Setting goals for your business? Here’s what you need to know

Every business idea starts with a business plan. But how often should you evolve it, and what happens if you don’t achieve your goals? 

Setting goals and ambitions for your business helps you know where you’re going and how you’re going to get there. But setting unrealistic goals can be disheartening and lead to burn out. 

Small business lender iwoca surveyed 500 small business owners about their motivations, goals, and ambitions. Read on to find out the secret to successful goal setting and how to get your business on the right track.

Nearly half of small business owners didn’t achieve their short-term goals within time frame and budget

iwoca’s survey asked small business owners about their initial (one to three-year) goals when starting out. Staggeringly, it found 45 per cent of small business owners didn’t achieve their short-term goals within their initial time frame and budget. 

These short-term goals were:

  • to stay in business – 39 per cent
  • to see the company make a profit - 46 per cent
  • to turnover £1 million in their first three years – 8 per cent

Short-term goals should be realistic and achievable 

If your goals are too ambitious then you may need to adjust them, which can feel demotivating. 

iwoca found 17 per cent of business owners reduced their short-term goals in order to achieve them in time frame or budget. While more than 22 per cent had to increase their budget to achieve their goals. 

Make sure your business plan is realistic with how long you want to give your business before it starts making money and scaling up – and that your budget reflects this.

Achieving new business goals takes longer than you might think

The same study found 64 per cent of business owners had to expand their initial time frames to achieve their long-term business goals. They said they needed to giveat least 12 to 18 months longer than initially planned to achieve their long-term goals. 

Keeping this in mind will help you when thinking about goals and growth plans for your business.

75% of business owners say their goals changed over time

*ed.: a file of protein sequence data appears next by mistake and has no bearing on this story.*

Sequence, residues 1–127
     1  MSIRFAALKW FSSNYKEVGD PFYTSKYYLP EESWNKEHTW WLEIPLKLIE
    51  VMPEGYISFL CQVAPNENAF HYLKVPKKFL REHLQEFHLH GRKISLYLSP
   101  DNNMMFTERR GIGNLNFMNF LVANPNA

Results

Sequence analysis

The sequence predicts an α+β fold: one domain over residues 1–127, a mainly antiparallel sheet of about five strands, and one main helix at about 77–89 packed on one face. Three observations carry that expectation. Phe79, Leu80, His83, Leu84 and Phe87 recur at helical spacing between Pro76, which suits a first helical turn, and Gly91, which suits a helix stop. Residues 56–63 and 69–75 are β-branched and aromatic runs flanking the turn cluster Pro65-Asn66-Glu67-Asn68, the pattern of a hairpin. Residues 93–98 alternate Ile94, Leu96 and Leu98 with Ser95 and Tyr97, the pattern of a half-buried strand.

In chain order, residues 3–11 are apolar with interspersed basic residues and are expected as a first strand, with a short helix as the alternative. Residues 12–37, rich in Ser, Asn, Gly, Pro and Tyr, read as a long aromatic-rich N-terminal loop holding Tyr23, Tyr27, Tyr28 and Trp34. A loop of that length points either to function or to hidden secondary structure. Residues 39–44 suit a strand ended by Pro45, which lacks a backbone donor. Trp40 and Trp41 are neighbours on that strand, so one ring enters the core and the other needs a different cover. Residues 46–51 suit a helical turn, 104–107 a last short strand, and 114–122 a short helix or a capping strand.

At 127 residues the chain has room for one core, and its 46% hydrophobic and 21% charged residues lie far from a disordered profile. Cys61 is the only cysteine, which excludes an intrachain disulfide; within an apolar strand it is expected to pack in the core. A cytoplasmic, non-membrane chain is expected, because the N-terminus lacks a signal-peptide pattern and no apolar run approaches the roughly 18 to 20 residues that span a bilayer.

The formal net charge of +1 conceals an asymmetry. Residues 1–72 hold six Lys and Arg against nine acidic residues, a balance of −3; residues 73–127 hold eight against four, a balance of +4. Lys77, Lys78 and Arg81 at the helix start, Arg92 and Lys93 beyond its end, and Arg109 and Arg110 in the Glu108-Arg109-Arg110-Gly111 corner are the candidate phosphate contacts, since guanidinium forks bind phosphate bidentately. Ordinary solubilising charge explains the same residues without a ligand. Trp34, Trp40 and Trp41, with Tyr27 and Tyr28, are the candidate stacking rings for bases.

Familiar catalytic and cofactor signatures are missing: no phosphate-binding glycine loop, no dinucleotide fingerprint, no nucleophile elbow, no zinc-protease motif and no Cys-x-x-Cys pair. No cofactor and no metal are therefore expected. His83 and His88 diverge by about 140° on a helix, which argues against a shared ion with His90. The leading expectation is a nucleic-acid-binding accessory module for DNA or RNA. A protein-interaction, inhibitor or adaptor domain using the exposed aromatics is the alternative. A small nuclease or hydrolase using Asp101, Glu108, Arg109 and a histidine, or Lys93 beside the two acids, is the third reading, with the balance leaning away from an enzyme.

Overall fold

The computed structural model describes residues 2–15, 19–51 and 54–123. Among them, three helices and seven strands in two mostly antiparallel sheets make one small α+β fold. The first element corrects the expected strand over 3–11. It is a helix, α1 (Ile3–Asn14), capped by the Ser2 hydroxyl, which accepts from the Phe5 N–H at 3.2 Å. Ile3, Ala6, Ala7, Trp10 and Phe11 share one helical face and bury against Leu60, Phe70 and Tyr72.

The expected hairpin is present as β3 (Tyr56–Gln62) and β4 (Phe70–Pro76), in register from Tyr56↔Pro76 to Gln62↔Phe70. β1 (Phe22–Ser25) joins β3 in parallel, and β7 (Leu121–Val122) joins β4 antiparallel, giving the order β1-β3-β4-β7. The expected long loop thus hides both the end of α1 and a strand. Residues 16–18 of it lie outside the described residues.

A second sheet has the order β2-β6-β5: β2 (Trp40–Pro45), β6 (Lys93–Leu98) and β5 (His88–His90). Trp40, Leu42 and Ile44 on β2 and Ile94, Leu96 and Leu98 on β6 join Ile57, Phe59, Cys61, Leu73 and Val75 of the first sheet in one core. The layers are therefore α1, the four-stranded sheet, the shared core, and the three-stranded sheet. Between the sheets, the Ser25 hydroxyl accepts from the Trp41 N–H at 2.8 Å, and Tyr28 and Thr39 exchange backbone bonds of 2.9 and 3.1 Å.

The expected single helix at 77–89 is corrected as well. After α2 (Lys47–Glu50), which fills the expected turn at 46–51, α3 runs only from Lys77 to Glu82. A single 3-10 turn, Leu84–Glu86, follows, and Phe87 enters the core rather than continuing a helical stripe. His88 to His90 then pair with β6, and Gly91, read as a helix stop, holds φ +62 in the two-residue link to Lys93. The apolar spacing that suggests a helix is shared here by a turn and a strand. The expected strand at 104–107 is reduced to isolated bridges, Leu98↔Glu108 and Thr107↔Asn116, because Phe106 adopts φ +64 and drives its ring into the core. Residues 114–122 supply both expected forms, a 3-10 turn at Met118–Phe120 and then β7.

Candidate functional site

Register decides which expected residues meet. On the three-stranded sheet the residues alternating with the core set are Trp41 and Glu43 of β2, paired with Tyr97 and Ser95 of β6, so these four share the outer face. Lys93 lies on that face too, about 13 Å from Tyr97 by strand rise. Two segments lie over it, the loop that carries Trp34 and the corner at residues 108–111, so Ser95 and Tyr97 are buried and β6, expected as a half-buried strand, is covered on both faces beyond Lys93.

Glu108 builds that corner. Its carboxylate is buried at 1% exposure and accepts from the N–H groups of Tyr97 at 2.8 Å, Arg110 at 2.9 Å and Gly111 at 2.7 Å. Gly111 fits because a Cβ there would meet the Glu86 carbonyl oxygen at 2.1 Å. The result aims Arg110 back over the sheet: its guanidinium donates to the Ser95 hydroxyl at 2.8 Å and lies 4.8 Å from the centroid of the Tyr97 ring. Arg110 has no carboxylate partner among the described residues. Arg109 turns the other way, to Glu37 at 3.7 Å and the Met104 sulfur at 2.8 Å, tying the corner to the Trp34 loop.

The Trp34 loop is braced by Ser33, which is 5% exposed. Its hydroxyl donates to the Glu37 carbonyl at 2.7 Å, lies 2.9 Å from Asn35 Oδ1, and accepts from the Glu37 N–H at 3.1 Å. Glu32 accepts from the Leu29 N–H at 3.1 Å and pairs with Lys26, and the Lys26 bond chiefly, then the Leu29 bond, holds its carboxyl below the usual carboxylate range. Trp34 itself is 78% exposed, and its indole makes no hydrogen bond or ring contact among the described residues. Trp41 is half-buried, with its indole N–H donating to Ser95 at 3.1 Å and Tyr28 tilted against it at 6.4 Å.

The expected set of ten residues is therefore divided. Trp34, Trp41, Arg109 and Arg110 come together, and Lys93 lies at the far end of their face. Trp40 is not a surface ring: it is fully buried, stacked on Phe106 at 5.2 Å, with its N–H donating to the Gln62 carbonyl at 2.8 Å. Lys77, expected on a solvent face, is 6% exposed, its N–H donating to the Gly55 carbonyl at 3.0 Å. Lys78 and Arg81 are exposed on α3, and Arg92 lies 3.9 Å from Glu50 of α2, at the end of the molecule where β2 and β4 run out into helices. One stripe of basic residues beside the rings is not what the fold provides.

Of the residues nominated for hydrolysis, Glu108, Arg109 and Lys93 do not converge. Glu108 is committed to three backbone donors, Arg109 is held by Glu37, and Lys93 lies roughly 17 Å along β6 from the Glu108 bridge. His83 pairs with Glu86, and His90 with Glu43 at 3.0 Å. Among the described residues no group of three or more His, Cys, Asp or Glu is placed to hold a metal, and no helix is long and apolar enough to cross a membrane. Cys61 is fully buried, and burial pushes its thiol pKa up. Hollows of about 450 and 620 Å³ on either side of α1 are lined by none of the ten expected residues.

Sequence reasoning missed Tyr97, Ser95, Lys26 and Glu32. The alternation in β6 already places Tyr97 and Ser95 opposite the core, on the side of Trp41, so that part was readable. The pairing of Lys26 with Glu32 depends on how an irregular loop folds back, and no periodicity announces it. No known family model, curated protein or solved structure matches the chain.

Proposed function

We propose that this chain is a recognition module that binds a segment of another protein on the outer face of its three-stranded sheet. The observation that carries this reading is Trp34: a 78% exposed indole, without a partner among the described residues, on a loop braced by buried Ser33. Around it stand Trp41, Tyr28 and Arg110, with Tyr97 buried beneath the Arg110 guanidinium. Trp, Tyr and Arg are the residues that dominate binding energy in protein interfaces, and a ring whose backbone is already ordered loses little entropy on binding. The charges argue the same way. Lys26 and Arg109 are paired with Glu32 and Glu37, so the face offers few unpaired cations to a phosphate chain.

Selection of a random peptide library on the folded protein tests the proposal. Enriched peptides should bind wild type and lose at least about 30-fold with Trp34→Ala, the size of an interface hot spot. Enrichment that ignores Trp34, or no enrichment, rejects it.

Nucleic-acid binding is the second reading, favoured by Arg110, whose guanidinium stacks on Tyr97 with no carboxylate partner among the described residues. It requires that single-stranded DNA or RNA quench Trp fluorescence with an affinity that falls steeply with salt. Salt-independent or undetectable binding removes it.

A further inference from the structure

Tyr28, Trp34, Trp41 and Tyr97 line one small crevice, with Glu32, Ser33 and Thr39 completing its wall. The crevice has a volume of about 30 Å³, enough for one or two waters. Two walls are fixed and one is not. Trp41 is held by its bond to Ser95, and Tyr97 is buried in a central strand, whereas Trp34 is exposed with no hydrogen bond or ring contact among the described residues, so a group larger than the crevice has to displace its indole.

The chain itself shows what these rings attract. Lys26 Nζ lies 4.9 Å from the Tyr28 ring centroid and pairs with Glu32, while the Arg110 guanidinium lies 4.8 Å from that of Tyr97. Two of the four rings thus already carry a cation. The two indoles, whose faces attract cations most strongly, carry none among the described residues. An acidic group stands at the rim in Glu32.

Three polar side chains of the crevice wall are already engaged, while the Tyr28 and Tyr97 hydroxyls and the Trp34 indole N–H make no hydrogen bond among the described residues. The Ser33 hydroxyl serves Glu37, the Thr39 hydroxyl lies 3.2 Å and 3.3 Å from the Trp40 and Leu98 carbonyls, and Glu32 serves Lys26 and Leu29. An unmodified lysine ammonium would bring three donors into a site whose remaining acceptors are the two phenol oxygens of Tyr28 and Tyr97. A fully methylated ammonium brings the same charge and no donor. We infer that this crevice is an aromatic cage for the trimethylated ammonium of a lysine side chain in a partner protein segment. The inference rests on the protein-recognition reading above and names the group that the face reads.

Being able to manage unpredictability is a key part of running a business, and it’s not uncommon for businesses to change direction from their initial plans. 

According to iwoca’s study, 32 per cent of business owners said they had expanded into other areas over time. And 17 per cent said they had to have a full change of direction. 

The coronavirus pandemic showed just how important being able to pivot and adapt a business to fit with changing environment and legislation. Pubs became takeaways and cafés started serving customers on pavements. 

Changing goals could include things like:

  • getting extra investment, such as a business loan or angel investment
  • expanding into new areas or developing a new product or service
  • opening a new premises 
  • growing an online presence 

However, a Simply Business SME Insights Report into small business trends recently found many business owners are putting growth plans on hold as they battle the challenge of rising costs. 

Can unrealistic goals make you unhappy? 

iwoca found that nearly one in five business owners say they had to reduce time spent with loved ones in order to achieve their business goals. While 17 per cent missed out on holidays.

While many business owners start out because they’re looking for increased flexibility, this research shows that the reality can mean having less free time than before. 

This chimes with a separate Business study, which found 63 per cent of women business owners said running a business would give them more control over their work-life balance. 

Hapreet Kaur, winner of The Apprentice, shared in a webinar that she started her business to quit the 9 to 5 corporate life. But she then found that being a business owner becomes “a lifestyle” and is a 24/7 job. 

But she says “if you're like me and you feel really passionate about what you do, it's fun.”

Tips for setting goals for your business

  • analyse opportunities and threats – what’s happening in your industry? Can you embrace new technologies? Doing a SWOT analysis can help you understand the risks and trends that may impact your business 
  • be flexible – staying rigid with your goals can be limiting and stressful, so set time to re-evaluate where you’re going and adapt your business plan if you need to
  • consider working with a business mentor – it can be hard to know what to focus on, so a business mentor can help you explore what’s going to have the most impact for your business
  • set SMART goals – meaning goals should be Specific, Measurable, Achievable, Realistic and Time-bound
  • record your achievements – and celebrate them in your own way, whether that’s writing them in a journal, sharing milestones on social media, or taking a much-needed day off


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